I suppose we become spoiled bit by bit, without really being aware of the process. When we repeatedly experience something marvelous, and are even acutely aware of how extraordinary the experiences are, we still seem somewhat unaware that our expectations for this new, higher level of perfection are also growing. I recently had this expectation of excellence clearly defined for me in a bit of a stark way.
For the past several years we have had season tickets to the San Francisco Symphony, truly, a world-class symphony. Their performances have thrilled us both. Perfect precision. Incomparable artistry. Refined nuance. Flawless technical skill. The best in repertoire.
Such was the case, yet once again, Saturday night. Maria João Pires performed Beethoven’s Piano Concerto No. 3 in C minor, Opus 37 (1803) with Herbert Blomstedt conducting. The performance simply cleansed the mundane from the soul. I was thrilled beyond words. At the age of 72, she made her San Francisco Symphony debut and delivered utter perfection. Perfect articulation. Every melody and counter melody unfolding with delight. This performance was one of the best expressions of human beauty one can ever hope to hear.
I was reminded of her 1998 performance in Amsterdam when she was expecting to play one concerto and the orchestra began playing another. Some have referred to it as a PR stunt, but I’m not so sure it wasn’t genuine. You can see a brief video of it at this YouTube video link, which is also provided below for your quick view.
The second half of the concert was Bruckner. I couldn’t bear to hear a Bruckner symphony after such a flawless performance. (I’m sorry, I personally find Bruckner tedious to the extreme. Just say it already!) We called it a night.
The San Francisco Symphony has spoiled me, completely spoiled me. Their performances are consistently among the most beautiful experiences of my life with very rare exception.
Compare & Contrast
A couple of weeks ago, we went to the Woodruff Arts Center in Atlanta to hear a performance of the Atlanta Symphony Orchestra. I remembered hearing my first concert by that organization back when I was at university. Back then, even with my very limited concert-going experience, I was stricken with how awful they were. The violins’ intonation was that of a mediocre high school orchestra. They lacked any sort of precision with little attention to detail. I actually recall feeling relieved that they simply made it through the piece. I don’t recall what it was. (In those days I would buy the then $8 tickets made available at the last minute from patrons who informed the box office they would not be in attendance!)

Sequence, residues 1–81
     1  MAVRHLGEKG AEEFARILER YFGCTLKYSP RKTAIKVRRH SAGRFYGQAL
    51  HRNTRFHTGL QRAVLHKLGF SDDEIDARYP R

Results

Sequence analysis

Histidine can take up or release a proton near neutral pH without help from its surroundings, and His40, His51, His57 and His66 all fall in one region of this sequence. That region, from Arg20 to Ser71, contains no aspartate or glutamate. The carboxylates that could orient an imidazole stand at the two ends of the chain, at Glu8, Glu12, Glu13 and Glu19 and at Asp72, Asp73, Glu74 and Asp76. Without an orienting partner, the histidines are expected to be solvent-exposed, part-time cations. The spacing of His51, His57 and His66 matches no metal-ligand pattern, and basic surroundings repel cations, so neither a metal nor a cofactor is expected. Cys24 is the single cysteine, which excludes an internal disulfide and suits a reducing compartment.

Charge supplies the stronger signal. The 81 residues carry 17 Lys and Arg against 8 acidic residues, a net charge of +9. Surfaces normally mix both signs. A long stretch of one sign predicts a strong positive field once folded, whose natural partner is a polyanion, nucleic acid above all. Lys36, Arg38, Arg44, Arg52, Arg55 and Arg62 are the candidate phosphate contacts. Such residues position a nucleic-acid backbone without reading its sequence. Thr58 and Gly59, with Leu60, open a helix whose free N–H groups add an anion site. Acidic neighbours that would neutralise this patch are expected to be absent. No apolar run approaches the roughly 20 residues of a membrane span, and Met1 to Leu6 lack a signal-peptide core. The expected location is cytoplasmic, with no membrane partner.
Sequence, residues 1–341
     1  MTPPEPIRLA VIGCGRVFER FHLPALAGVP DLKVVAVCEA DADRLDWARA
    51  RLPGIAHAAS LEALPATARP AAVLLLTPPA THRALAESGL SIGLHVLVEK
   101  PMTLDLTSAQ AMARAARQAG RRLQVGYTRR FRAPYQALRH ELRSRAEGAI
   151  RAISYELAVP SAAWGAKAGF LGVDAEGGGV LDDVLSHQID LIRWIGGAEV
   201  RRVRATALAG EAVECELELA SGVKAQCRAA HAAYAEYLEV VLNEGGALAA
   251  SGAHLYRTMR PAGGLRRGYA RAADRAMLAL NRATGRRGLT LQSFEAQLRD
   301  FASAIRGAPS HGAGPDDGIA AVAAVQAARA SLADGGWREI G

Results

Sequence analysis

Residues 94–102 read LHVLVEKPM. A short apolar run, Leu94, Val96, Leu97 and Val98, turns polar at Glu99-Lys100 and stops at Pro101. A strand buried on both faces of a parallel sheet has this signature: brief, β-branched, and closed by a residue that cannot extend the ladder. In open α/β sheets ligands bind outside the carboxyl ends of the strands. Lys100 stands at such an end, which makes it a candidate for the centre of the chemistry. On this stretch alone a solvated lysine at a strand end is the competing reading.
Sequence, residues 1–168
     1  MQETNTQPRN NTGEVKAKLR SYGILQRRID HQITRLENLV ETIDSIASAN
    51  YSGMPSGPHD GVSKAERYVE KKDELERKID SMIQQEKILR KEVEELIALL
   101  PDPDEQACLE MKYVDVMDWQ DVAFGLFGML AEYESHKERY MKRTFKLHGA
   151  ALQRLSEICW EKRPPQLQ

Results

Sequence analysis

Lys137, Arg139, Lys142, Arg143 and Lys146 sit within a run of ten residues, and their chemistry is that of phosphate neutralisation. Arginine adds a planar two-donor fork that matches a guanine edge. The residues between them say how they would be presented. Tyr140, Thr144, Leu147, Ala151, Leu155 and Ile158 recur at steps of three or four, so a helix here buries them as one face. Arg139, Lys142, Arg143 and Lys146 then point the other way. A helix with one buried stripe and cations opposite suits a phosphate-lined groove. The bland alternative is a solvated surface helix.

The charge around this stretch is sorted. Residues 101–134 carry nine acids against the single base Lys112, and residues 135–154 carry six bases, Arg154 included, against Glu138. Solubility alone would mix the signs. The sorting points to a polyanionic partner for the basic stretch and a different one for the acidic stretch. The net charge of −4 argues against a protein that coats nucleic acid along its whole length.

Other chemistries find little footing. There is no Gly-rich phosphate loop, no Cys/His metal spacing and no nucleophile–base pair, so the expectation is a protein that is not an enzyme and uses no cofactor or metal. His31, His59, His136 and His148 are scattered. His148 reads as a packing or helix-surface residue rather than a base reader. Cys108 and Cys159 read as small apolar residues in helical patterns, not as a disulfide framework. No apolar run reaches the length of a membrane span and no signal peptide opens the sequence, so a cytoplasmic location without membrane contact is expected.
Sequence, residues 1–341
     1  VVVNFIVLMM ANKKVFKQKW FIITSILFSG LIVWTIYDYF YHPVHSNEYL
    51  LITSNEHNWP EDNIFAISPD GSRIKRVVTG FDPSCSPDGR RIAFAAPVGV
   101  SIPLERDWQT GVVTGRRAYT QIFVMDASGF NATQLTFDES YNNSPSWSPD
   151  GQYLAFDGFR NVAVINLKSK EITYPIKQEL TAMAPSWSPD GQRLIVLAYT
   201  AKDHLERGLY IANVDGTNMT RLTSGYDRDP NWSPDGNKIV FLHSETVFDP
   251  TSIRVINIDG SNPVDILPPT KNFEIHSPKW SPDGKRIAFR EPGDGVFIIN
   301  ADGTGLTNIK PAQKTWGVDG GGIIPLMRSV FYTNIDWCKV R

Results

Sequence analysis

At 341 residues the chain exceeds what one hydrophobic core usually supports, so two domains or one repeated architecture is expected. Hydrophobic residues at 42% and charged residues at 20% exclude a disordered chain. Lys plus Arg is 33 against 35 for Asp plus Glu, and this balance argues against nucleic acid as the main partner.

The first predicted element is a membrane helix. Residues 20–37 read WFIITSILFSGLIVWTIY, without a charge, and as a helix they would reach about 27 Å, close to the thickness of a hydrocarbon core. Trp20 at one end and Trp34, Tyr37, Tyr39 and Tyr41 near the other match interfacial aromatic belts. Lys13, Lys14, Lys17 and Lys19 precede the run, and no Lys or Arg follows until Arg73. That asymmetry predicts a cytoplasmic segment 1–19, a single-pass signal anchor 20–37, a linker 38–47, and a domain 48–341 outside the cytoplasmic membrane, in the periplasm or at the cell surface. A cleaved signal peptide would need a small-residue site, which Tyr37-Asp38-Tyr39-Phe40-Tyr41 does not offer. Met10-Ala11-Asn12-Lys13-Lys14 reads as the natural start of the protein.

When Robert Shaw was the conductor, their performance vastly improved. They attained a level of rhythmic precision previously entirely lacking from their concerts. The choral performances were wonderful. The hall itself was so-so, but I hadn’t experienced (couldn’t afford to) much else.
Upon returning to Atlanta, I worried a bit about going to hear the ASO. I knew I had been spoiled by hearing the San Francisco Symphony on a regular basis. My worries were well founded.
The ASO sounded much like listening to a recording. Nothing clean and clear. Nothing ultra precise. No magnificent melodic arches or nuance. They sounded as though they were just going through the motions, as my brother-in-law would say, they had “been put through the blander.” Their performance wasn’t really awful. But it was not thrilling in any sense.
I suspect that a lot of this is related to the hall itself. Davies Symphony Hall the Woodruff Arts Center is not. The WAC looks like a high school stage, and it sounds dead, deader than a door knob, as my grandfather used to say. It’s a small hall, and I’m shocked the fire marshal allows the long rows (from one side to another) with no aisles to provide emergency egress—especially given the hall’s history!1
I am sincerely grateful to the Woodruff family for their wonderful contribution to the arts in Atlanta. I’m delighted that the hall has been renovated. But, the time has come to build a new symphony hall worthy of an international city. And then, the symphony needs to hire an artistic director that will put the symphony on the world stage. Anything less is just unacceptable for a metropolitan area this size. Atlanta can’t just be about sports arenas and stadiums.
So, yes. I’m spoiled. Well, maybe not.
Perhaps, just perhaps, every city deserves to be enriched with the caliber of artistic expression the musicians of the San Francisco Symphony offer their community. So, I’m blessed. I really am. And my life knows something more, something deeper, of the greatness of the human spirit because of the fantastic declarations of beauty the San Francisco Symphony provides concert after concert.
I am most grateful.
On the opening night of the Woodruff Arts Center, Atlanta’s mink-furred elite was treated to the 1812 Overture complete with real cannons on stage firing away and their smoke setting off the sprinkler system completely soaking those who came to see and be seen. With photographers and cameramen on hand for the gala, snapping pictures at every turn, they were less than amused because they couldn’t escape the public drenching in a timely manner. Keep in mind how fashionable the beehive hairdo was at the time! ↩